The contestants next contend that section 17-11 does not apply to proposed constitutional amendments because the word "question" as used therein has a technical meaning. They point out that the "measure," "question" or "proposition" in section 16-7 is in fact stated in the form of a question to be punctuated with an interrogation mark, whereas the form of the blue ballot prescribed in section 16-6 for proposed amendments does not state the proposal in the form of a question. We do not feel that the legislature intended to put such a restrictive meaning on the word "question." As we have indicated, the legislature has generally evidenced its intent to give special treatment to proposed amendments in plain and explicit terms.

It is then asserted that section 17-11 is applicable only to the general ballot and not to separate ballots. Contestants point out that section 16-7 and section 28-2 expressly require a cross where the question or measure appears on a separate ballot by reason of not being State-wide in character. They conclude that since the blue ballot is a separate ballot, section 17-11 does not apply to it. If this argument were accepted then the contestants would have to admit that between 1929 and 1950 a cross was required for proposed amendments because they were printed on the "general" ballot during that period. In addition, section 16-4 which provides for a separate judicial ballot does not expressly provide that it shall be marked with a cross. Again we feel that if the legislature had intended section 17-11 to apply only to the "general" ballot, it would have so provided.

In a further attempt to show that the legislature eliminated the requirement of a cross in voting on proposed constitutional amendments, the contestants have devoted a portion of their brief to the historical background of the various sections of the Election Code dealing with proposed amendments. They refer to the struggle that took place for more than fifty years to liberalize the amending of the constitution which was virtually unamendable for so many years. (See Sears, Constitutional Revision in Illinois, 33 Ill. L. Rev. 2; Sears and Laughlin, A Study in Constitutional Rigidity, 10 U. of Chi. L. Rev. 142; 11 U. of Chi. L. Rev. 374.) They state that in 1899 the election laws were amended to require proposed amendments to be submitted upon a separate ballot, (Hurd's Stat. 1899, chap. 46, par. 303,) that in 1929 section 15 1/2 (Cahill's Stat. 1929, p. 1187,) was enacted which provided that such proposals should be placed in the left-hand column of the main ballot, that in 1949 a separate ballot was again provided, which ballot was to be blue in color and contain an explanation of each proposed amendment and certain conspicuous legends, (Ill. Rev. Stat. 1949, chap. 46, par. 16-6,) and that in 1951 the legislature expressly excluded the use of voting machines in voting on proposed amendments. (Ill. Rev. Stat. 1951, chap. 46, par. 24-11.) They also refer to a "Party Circle" bill, providing for constitutional proposals to be voted upon under party circles in accordance with the endorsement of the respective political parties for or against the proposal, which bill was overwhelmingly passed by the General Assembly but vetoed by the Governor in 1945. The contestants conclude that these various legislative attempts to encourage increased voter participation and facilitate the amending process reveals a legislative intent to eliminate the requirement of a cross in voting on proposed amendments.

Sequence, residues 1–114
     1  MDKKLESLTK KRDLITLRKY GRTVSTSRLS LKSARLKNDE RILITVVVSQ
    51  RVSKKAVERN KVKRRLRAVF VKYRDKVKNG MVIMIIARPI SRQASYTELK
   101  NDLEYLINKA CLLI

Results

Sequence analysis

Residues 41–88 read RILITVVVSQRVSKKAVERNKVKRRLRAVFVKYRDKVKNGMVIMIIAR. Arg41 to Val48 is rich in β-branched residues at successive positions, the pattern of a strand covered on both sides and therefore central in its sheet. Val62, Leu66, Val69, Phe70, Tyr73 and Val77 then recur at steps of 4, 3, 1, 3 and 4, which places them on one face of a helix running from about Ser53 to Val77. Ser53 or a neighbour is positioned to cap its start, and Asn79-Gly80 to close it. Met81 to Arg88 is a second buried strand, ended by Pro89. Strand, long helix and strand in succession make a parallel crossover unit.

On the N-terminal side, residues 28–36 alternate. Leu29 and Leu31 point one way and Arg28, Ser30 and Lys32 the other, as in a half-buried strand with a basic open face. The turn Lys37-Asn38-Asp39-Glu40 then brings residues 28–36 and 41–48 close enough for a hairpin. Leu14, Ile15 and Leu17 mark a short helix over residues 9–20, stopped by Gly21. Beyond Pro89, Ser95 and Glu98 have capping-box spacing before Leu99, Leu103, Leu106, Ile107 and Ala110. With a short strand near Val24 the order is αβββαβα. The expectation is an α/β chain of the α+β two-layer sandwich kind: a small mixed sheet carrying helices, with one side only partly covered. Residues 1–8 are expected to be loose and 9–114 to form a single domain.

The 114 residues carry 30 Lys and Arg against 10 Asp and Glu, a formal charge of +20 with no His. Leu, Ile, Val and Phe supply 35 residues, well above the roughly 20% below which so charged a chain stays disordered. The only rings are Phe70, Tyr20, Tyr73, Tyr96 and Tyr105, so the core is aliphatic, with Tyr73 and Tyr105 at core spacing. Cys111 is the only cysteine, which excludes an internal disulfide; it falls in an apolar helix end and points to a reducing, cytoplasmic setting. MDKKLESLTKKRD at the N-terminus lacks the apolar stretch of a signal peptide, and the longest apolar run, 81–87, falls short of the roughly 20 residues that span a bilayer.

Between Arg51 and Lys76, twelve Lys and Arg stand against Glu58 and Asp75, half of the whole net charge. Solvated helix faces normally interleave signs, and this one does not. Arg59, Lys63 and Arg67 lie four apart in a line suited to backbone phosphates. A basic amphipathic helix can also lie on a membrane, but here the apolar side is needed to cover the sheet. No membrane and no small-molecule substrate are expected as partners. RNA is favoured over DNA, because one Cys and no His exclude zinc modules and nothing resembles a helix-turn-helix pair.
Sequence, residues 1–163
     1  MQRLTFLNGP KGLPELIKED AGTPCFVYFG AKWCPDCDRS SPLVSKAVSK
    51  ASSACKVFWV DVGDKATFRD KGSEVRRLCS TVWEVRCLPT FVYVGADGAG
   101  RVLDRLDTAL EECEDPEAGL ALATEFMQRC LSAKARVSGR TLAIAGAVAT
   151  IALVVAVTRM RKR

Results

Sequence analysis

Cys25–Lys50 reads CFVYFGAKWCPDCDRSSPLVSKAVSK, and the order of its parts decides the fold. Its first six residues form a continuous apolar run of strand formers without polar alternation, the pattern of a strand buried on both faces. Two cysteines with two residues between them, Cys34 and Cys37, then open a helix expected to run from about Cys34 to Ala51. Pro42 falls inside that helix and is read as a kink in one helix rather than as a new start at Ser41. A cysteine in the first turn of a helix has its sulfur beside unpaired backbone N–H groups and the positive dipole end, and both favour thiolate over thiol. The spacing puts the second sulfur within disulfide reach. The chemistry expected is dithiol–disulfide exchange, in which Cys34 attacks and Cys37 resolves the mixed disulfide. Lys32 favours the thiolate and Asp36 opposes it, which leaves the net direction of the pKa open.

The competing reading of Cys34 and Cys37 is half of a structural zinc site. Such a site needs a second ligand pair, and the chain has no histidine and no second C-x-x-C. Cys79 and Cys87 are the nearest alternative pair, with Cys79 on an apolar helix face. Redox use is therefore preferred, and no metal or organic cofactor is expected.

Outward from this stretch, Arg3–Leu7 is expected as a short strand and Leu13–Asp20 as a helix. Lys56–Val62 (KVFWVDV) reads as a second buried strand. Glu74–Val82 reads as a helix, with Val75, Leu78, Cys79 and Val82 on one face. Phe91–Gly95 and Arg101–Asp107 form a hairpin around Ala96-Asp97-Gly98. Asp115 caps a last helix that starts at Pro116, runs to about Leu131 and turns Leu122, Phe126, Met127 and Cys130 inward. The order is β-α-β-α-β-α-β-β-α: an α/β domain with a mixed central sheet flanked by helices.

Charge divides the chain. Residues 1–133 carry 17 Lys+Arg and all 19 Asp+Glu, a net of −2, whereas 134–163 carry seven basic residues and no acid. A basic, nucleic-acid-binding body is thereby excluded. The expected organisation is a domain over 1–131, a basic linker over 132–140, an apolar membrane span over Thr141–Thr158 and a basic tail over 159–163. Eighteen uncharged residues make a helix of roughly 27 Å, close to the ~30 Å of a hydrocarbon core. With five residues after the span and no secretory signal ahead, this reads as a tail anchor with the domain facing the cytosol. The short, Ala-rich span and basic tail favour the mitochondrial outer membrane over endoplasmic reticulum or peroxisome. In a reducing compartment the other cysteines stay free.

This history of attempts to secure a greater vote on proposed amendments was reflected in specific enactments for a separate ballot, or a preferred position on the ballot, or one of a distinct color, or provision for detailed instructions, or of the manner of delivering the ballot to the voter, or the prohibition of the use of voting machines. In each instance the legislation was plain and explicit. Nowhere in the history of this legislation is there an indication that the well-established method of marking all ballots with a cross should be eliminated. Although the object of much of this legislation was an attempt to promote the adoption of proposed amendments and although the elimination of the requirement of marking the ballot with a cross might have advanced this objective, we believe that the legislature would have done so expressly, as it did in the other enactments, if it had intended to do so.

While the arguments advanced by the contestants are plausible, we do not think that they are convincing. Considering sections 16-6 and 16-7 as a part of article 16, and 17-11 as a part of article 17 and articles 16 and 17 as a part of the entire Election Code, it is obvious to us that the method of marking all ballots is governed by section 17-11. Sections 16-6 and 16-7 merely deal with the form of ballots for proposed amendments and public measures.